Their hopes had shrunken to merely a place to live with dignity and food to eat.
A city's plans
Coincidental with our interviews, the city of Hawassa was developing plans to deal with the rising number of street people, which they had estimated to be over 600, but which others thought to be in the thousands. A written plan was drawn up to train the street people to break and lay rocks for the cobblestone streets, to shine shoes and to work as bellhops in the city's hotel industry. Children were to be sent back to their homes in the countryside and there was a vague allusion to adoption for some.
We made it a point to speak to women about their options in the Ethiopian economy. One woman stated, "I will do any job, cleaning toilets, it doesn't matter. I want to work and make a living." But women and children have looked hard for work and not found it.
The streets are filled with shoe-shine boys who must beg to stay alive since the work cannot produce a living. Unfilled bellhop jobs are not to be found. Further, hard manual labor cannot be done by children or pregnant or nursing mothers. And in the plan there was no mention of childcare for the begging mothers who are to be put to work.
The plan seems to have fallen apart long before its implementation. It budgeted several million birr to perform the trainings and education, but virtually nothing has been offered by the local businesses and NGOs that were expected to foot the bill.
We wrote a response to the plan based on our interviews. In it we suggested that, since the problems were systemic, that even should the money be raised, the plan was unlikely to stem the tide of migrants to the city's streets.
We suggested alternatives that might start to meet the problems. We recommended that school supplies for children be funded by the government permitting more to stay in school; that food subsidies that were in place in the former regime be re-instituted; that housing for the poor be built in cities such as Hawassa; and that wages for workers be allowed to rise, so that working families need not beg.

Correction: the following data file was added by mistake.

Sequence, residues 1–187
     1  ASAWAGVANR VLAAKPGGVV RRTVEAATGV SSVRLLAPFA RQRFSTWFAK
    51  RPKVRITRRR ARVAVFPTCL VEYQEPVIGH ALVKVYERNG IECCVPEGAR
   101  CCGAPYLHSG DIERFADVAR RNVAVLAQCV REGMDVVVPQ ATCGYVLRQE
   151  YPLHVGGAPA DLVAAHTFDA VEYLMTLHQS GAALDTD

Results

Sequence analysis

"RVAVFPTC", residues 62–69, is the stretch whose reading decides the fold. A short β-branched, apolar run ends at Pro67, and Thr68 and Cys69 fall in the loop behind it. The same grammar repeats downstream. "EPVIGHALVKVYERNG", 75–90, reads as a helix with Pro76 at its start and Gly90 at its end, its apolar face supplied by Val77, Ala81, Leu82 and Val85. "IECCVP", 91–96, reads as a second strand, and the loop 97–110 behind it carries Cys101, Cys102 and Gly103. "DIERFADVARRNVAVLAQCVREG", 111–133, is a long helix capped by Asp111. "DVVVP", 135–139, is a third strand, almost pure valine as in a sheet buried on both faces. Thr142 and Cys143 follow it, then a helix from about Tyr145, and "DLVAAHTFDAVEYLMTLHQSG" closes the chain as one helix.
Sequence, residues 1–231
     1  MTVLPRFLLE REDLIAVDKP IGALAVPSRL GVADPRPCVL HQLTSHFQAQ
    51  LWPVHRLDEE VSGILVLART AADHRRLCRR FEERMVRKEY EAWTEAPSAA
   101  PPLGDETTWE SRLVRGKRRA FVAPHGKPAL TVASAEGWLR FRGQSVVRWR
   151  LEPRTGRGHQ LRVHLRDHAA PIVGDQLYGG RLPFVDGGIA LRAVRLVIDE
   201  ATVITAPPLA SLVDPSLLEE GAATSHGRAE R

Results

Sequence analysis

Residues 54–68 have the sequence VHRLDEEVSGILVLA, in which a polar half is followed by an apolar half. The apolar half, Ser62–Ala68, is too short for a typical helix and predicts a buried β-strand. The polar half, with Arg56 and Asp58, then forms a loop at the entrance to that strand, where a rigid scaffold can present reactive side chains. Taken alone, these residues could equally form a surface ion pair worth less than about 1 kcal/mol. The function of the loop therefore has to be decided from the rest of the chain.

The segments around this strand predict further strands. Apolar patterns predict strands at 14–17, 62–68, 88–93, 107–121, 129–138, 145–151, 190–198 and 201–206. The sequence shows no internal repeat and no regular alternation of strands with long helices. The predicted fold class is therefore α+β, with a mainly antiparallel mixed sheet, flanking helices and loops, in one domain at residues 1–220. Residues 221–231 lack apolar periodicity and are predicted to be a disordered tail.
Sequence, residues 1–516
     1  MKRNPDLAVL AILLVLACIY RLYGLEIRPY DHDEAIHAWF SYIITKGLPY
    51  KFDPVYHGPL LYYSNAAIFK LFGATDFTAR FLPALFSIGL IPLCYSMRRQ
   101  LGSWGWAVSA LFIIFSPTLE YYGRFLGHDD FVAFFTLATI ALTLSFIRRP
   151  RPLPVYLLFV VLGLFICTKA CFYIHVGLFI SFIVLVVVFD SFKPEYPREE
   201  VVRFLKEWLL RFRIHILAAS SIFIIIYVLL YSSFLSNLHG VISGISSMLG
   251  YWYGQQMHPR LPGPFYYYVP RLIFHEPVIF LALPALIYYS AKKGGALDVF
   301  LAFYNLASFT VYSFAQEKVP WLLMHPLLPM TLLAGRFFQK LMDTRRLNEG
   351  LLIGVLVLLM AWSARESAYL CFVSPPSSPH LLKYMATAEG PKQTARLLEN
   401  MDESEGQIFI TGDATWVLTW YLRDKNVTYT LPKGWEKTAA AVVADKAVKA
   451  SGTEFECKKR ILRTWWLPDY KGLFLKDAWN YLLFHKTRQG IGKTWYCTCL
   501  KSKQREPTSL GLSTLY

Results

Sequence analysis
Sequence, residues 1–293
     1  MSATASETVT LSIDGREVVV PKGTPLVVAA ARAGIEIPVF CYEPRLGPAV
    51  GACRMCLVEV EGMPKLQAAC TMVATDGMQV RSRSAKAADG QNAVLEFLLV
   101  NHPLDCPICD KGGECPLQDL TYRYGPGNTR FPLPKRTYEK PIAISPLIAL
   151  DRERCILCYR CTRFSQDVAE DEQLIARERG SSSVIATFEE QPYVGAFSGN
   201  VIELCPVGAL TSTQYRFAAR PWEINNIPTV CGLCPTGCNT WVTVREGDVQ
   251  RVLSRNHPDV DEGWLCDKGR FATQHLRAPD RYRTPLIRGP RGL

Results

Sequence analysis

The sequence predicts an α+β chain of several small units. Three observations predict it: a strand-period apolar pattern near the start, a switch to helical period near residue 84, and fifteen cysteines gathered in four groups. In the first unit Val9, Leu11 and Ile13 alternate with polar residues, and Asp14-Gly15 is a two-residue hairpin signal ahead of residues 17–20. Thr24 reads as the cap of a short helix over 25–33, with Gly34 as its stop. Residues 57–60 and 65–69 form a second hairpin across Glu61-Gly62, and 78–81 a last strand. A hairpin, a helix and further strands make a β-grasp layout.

We met with the mayor, who said he was too busy to read our report and suggested we were meddlers in affairs that did not concern us.
Did they concern us? Yes. These women and children had shared their pain and their dreams and had taught me in no uncertain terms that their aspirations and their worth were equal to mine. Their passions and concerns for their families, their humor and demand for dignity rang true and familiar.
What differed was their pain, suffering and absence of resources. I recognized that we of the global north ignore their plight at our moral peril.
I am not a development expert, but I know that my country and the World Bank it influences have demanded of developing countries that, in exchange for loans, they eliminate any social safety net for their poor. Those agencies have demanded that necessities - food, housing, medical care - be paid for by those who cannot pay, but who are supposed to benefit from the trickle down of investment. In the main it has not trickled down and despite expanding economies the poorest have become even poorer and hungrier.
This is not sustainable for Miriam, Zeritu, Meselech, Biruk, Ashenafi or Ganda. They teeter on the edge of survival in a world that can and should offer them more.